After expansion the sixteen institutions should be separated into two divisions (North & South) and four subdivisions (for example:  North Atlantic, North Coastal, South Atlantic, and South Coastal):

North Atlantic

  • Maryland
  • Virginia
  • Virginia Tech
  • West Virginia

North Coastal

  • Boston College
  • Connecticut
  • Pittsburgh
  • Syracuse

South Atlantic

  • Duke
  • North Carolina
  • North Carolina State
  • Wake Forest

South Coastal

  • Clemson
  • Florida State
  • Georgia Tech
  • Miami (FL)

In football, all division opponents must play each other once per season with one game coming from a team from the opposing division (traditional rival or a rotation), thus creating an eight-game conference schedule.  Division winners will play for ACC title in the ACC Football Championship.  In basketball, all subdivision opponents must play home/away series.  All other opponents will be played once a year in a home and away rotation, creating an eighteen-game conference schedule.  Schedules would still be unbalanced by weight, but at least the league would still have every team playing each other once a season.

This can work.  The ACC should enhance the competitive advantage it already has in college basketball by expanding with basketball supremacy in mind – not football.  The football revenue with expansion would still be sufficient through its current television contracts and the ACC championship game, but by adding four schools with a rich basketball history and tradition the added value of ACC basketball as a brand would significantly trump any other conference in America in that regard.  Can you imagine the general revenue and national spotlight that would be produced from a semifinal Saturday in Madison Square Garden that hosts possible ACC Tourney matchups of Duke/UConn & UNC/Syracuse?  From a conference health perspective, is it better to be fourth-best in football or by far the best in basketball?  Let’s hope John Swofford is carefully considering that question this summer. 

rtmsf (3998 Posts)

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6 responses to “Crazy Talk: The ACC Should Focus Expansion on Basketball, Not Football”

  1. matt patton says:

    It never hurts to dream, but that leaves one division super-stacked in football. It’s no secret the ACC has Miami and Florida St currently in separate divisions to make sure that the two most powerful football teams in the conference can meet for the championship (historically speaking this hasn’t happened, but that was the purpose of the divisions). Ignoring this (taking the pure basketball perspective), I think the ACC would also look for a team swap with another conference (i.e., Kentucky is a basketball school…they don’t fit in the SEC; FSU or Georgia Tech probably wouldn’t mind the extra revenue coming from the SEC, and the ACC replaces a middling program with one of the strongest–and best selling–in the country). The most unfortunate part of the plan currently is losing a Duke/Maryland game: while a young rivalry, the past decade has showcased Duke and Maryland as legitimate foes, who play some of their best games against each other. While Wake Forest is in NC, I would much rather see the Terps travel to Tobacco Road as much as possible.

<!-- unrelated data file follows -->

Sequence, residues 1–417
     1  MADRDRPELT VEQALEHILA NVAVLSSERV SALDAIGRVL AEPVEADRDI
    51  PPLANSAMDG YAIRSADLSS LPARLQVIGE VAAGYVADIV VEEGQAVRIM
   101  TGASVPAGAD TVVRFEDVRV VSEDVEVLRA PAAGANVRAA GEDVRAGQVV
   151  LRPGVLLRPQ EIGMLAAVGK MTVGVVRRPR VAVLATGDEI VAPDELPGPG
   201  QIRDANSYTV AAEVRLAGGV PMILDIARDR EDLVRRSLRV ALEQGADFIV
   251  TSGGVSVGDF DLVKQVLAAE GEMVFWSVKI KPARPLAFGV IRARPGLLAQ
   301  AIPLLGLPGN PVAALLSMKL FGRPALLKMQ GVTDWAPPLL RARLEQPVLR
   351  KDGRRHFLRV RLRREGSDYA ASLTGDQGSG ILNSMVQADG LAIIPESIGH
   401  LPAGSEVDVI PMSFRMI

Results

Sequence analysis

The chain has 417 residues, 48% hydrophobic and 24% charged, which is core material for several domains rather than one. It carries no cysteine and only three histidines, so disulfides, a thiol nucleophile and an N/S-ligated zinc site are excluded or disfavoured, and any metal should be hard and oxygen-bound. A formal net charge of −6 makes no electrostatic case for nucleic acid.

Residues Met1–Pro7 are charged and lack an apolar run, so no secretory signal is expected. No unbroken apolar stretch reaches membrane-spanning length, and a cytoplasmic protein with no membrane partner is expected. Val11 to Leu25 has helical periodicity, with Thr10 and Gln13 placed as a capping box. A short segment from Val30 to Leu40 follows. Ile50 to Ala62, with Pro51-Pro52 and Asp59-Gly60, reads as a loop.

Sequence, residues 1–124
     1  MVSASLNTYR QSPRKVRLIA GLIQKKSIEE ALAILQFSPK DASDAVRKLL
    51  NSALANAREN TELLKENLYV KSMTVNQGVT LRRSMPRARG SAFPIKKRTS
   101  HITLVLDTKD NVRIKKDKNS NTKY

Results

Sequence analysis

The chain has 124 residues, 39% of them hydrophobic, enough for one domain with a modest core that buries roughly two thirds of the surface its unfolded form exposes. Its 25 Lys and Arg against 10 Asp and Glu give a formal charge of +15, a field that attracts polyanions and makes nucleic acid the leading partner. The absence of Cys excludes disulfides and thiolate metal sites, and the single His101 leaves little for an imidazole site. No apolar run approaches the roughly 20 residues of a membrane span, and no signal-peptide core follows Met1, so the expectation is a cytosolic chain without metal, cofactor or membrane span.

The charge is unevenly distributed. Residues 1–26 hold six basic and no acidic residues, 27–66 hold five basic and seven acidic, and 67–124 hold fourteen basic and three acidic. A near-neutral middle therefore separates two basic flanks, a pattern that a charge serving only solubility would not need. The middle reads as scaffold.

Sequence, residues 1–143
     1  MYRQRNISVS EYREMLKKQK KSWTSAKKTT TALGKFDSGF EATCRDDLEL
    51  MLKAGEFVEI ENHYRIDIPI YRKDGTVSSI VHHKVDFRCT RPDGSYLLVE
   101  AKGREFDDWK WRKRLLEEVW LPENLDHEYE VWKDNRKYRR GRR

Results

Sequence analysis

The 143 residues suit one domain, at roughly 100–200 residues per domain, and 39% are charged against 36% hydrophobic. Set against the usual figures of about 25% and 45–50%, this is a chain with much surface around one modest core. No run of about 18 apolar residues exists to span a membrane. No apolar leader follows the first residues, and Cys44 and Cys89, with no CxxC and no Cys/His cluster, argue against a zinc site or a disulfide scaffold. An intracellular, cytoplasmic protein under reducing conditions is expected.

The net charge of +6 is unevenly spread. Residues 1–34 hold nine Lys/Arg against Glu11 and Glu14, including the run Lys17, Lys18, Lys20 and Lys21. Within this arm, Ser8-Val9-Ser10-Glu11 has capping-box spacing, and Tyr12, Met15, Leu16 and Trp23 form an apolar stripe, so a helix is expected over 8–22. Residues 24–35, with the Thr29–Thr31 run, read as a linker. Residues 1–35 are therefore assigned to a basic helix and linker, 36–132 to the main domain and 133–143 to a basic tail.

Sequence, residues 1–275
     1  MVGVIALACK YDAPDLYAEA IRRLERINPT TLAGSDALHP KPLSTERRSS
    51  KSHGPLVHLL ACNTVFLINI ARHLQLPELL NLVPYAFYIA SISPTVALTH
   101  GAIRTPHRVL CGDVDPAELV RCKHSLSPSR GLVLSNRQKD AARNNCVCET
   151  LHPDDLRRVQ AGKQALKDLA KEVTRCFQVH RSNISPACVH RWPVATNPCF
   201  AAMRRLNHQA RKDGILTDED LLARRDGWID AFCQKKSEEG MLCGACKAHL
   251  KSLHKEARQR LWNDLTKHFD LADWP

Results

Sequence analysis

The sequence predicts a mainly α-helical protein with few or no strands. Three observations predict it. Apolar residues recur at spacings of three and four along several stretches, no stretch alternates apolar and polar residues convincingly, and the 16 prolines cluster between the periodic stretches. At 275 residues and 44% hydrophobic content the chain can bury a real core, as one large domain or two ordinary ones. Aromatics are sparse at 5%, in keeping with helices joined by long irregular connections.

2. DMoore says:

    “that leaves one division super-stacked in football”

    I agree. I would not want to have to play against both Virginia Tech and West Virginia every year. Face it, college football has changed. FSU and the U don’t measure up compared to Virginia Tech lately.

  3. rtmsf says:

    For now, but these things are cyclical in nature. With all the recruiting talent in the state of Florida, it’s not reasonable to think that FSU/Miami will never be any good again. And what happens to VT after Beamer retires?

  4. G. Floyd says:

    Thanks for the comments. With the placement of the teams above, the divisions should be pretty equal. Both division have “power” schools in each sport. North division has West Virginia & Virginia Tech (football) and UCONN & Syracuse (basketball). South division has FSU & Miami (football) and UNC & Duke (basketball). You could argue that Clemson and GT give the South a more dominant football program but Pitt, BC (recent years), and Maryland (past years) have been strong.

  5. Chad says:

    Best column I have read yet on the ACC’s future. I think you are dead on. How can we ensure that the ACC brass is thinking along these lines?

  6. […] wrote last year that the ACC might best situate itself among conference masters of the universe by again connecting with its basketball roots.  The league was built on the shoulders of bloody Tobacco Road battles among Frank McGuire at […]